Agree 100%. My rig which weighs 6000 pounds, was supported at all times by two 12000 Ton jack stands with safety closures. In addition, I had two 4500 pound jack stands for redundancy, and the hydraulic jack sometimes.

Safety is key for all of these and multiple layers of redundancy as well.
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Old 06-12-2017, 11:56 AM   #13
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Dave, I tried to have someone do it and called around. No luck. Then one place quoted me $1000.

I would have easily paid $230 for someone to do this.
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Old 06-12-2017, 11:58 AM   #14
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Wow. Impressive. Great Write up. A few questions. Due to a steep driveway situation, I've been trying to figure out how to raise the frame several inches. (I can get up the driveway with TV pulling it up, but not down). How much "lift" did you get from this install? Are there any other methods you know of to raise the AS? 17" tires?

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Old 06-12-2017, 12:00 PM   #15
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This lift provides just under 3 inches more. I do think tires can help, mine came 15 inch. I plan to keep them and once they wear out will consider 16 inch.

I think the lift kit and tires are only way to get more out unless you undergo some customization of the frame//suspension.
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Old 06-12-2017, 12:19 PM   #16
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We have a 23D on 14" tires and rims, with maybe 8" ground clearance for the discharge valves. I watched a YouTube on installing the lift kit over the w/e and had already determined I didn't have the skills to do it myself. Your write-up supports that! However, I'm waiting until I move up to 16" rims and tires to see if the kit is still needed.
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Old 06-12-2017, 12:48 PM   #17
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It appears from your description that you lowered one end of each axle, installed the lift kit, tightened the bolts to proper torque...and then moved to the opposite end of the same axle and repeated the process. If that is how you accomplished this task, then the bolts were not properly torqued because they were in a bind... as the axle was not level right-to-left (curbside-to-roadside) when the bolts were tightened. That method would also twist the frame and/or the lift-spacers.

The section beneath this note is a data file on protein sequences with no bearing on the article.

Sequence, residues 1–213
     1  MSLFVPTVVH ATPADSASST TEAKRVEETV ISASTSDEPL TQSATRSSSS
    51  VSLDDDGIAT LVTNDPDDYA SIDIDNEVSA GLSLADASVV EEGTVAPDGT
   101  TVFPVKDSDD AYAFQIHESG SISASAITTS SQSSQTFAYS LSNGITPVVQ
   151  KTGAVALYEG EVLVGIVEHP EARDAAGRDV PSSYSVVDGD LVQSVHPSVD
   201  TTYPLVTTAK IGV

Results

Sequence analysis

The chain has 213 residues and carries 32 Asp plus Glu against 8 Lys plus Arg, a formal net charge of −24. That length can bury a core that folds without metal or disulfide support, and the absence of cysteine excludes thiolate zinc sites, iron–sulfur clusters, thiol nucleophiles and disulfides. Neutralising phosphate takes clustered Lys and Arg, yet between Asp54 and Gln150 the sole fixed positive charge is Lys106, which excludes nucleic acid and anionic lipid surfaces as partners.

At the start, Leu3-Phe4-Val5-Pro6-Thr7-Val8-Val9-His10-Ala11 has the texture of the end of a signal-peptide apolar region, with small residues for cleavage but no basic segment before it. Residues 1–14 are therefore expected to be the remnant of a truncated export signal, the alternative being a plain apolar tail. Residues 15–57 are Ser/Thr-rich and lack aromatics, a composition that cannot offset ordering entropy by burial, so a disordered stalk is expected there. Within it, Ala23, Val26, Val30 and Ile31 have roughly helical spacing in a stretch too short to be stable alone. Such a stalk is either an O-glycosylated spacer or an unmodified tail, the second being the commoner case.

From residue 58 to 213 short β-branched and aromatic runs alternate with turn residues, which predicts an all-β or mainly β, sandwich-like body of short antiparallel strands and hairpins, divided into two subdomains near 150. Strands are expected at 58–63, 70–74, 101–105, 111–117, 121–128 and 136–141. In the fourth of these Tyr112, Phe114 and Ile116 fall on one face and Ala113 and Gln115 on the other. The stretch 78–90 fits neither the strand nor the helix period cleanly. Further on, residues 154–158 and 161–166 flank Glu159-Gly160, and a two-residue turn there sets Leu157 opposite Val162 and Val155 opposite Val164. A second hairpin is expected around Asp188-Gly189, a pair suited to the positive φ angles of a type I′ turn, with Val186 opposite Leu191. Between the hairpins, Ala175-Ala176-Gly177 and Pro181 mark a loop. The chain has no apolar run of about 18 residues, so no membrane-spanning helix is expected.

Also, the tag on your axle clearly notes it is a #11 axle (11CA). The "derating" applied by Airstream is done by reducing the claimed carrying-capacity (GAWR) of each axle from the design-GAWR.
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Old 06-12-2017, 02:15 PM   #18
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Boxite, that is the proper installation method as prescribed by Dexter in written documentation. They also prescribe torque requirement in range of 140-150. I did check torque after both sides of axel were installed and there wasn't a difference, at Lear using the 250 pound torque wrench I used.

I don't think the frame twisted at all, but I am not an expert. I followed the written instructions to a tee. You can find them on the Dexter website.
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Old 06-12-2017, 02:23 PM   #19
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Boxite, that is the proper installation method as prescribed by Dexter in written documentation. They also prescribe torque requirement in range of 140-150. I did check torque after both sides of axel were installed and there wasn't a difference, at Lear using the 250 pound torque wrench I used.

I don't think the frame twisted at all, but I am not an expert. I followed the written instructions to a tee. You can find them on the Dexter website.
Thanks for the detailed writeup. I'm a DIY guy all the way but would love to find someone to do this for under $400, who knows what they are doing. I would have to rent an impact gun, that sounds like a must-have, and invest/borrow/rent a a couple more jackstands. If I can't find someone, I'll be going down this path for sure.

Great feeling of accomplishment I'm sure! that has value as well in my book, from a fellow 'wrencher.'
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Old 06-12-2017, 02:34 PM   #20
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Really great set of pictures and narrative on how to do this. Bookmarking for future reference. Thanks for taking the time to do thorough documentation!